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Attorney General Jeff Sessions : 'I Will Recuse Myself' If Necessary

Attorney General Jeff Sessions denied meeting with any Russian officials during the course of the presidential election to talk about politics, he told NBC News in exclusive remarks early Thursday. When asked about the calls by Democrats to recuse himself from investigating any alleged ties between Trump's surrogates and intermediaries for the Russian government, Sessions added: 'I have said whenever it’s appropriate, I will recuse myself. There’s no doubt about that.'
Image: Jeff Sessions
Attorney General Jeff Sessions delivers remarks at the Justice Department's 2017 African American History Month Observation at the Department of Justice on February on Tuesday.Zach Gibson / Getty Images

Attorney General Jeff Sessions denied meeting with Russian officials during the course of the presidential election to discuss the Trump campaign, he told NBC News in exclusive remarks early Thursday.

"I have not met with any Russians at any time to discuss any political campaign," he said, "and those remarks are unbelievable to me and are false. And I don't have anything else to say about that."

Sessions was also asked whether he would step aside from investigating alleged ties between Trump's surrogates and intermediaries for the Russian government — as a growing chorus of Democrats and some Republicans have demanded.

Related: Top Republicans Call on Sessions to Recuse Himself from Investigation

"I have said whenever it’s appropriate, I will recuse myself," he said. "There’s no doubt about that."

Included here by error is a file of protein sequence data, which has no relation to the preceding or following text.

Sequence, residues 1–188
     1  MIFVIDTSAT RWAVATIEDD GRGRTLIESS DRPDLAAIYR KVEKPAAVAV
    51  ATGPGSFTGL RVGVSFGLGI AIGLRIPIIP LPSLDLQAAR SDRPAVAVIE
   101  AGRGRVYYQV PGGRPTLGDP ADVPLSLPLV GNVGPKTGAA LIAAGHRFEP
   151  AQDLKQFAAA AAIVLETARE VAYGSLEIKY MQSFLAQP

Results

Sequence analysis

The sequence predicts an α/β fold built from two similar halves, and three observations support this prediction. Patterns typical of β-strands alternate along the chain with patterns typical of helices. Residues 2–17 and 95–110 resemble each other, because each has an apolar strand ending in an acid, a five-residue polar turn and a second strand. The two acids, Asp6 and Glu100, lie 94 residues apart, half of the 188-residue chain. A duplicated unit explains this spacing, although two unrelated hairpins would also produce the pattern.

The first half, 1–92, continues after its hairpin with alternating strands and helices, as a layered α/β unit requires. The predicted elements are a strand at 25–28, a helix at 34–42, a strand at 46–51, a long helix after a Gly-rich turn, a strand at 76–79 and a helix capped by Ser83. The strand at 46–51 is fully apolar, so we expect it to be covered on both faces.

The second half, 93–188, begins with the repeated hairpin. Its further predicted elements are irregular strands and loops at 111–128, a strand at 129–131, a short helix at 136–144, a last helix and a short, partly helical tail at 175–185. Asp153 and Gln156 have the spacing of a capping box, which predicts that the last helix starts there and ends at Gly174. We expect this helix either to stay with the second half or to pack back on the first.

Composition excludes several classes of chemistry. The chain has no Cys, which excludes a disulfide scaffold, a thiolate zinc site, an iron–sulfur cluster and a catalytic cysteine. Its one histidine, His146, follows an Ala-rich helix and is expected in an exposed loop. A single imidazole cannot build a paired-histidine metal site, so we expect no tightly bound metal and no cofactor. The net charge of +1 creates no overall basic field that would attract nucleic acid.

The Latest on Sessions

  • House Minority Leader Nancy Pelosi and Senate Minority Leader Chuck Schumer are calling for Sessions to resign and a special prosecutor to be appointed to investigate the alleged Russian meddling in last year's election.
  • House Speaker Paul Ryan said Thursday that he supports Sessions' decision to recuse himself if he becomes part of an investigation into Russia, but there's been no evidence that the Trump campaign colluded with Moscow.
  • House Oversight Committee Chair Jason Chaffetz wants Sessions to recuse himself.
  • President Donald Trump told reporters he has "total" confidence in Sessions and that he doesn't think he should have to recuse himself.

A spokeswoman for Sessions confirmed Wednesday night that he had met with the Russian ambassador to the U.S. before the presidential election last year, but in his capacity as a then-senator — raising questions about whether he misled fellow senators during his attorney general confirmation hearing in January.